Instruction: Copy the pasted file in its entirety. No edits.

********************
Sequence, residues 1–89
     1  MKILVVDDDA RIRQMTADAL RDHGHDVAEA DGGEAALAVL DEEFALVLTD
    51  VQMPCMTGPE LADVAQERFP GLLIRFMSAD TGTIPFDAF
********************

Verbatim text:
Sequence, residues 1–89
     1  MKILVVDDDA RIRQMTADAL RDHGHDVAEA DGGEAALAVL DEEFALVLTD
    51  VQMPCMTGPE LADVAQERFP GLLIRFMSAD TGTIPFDAF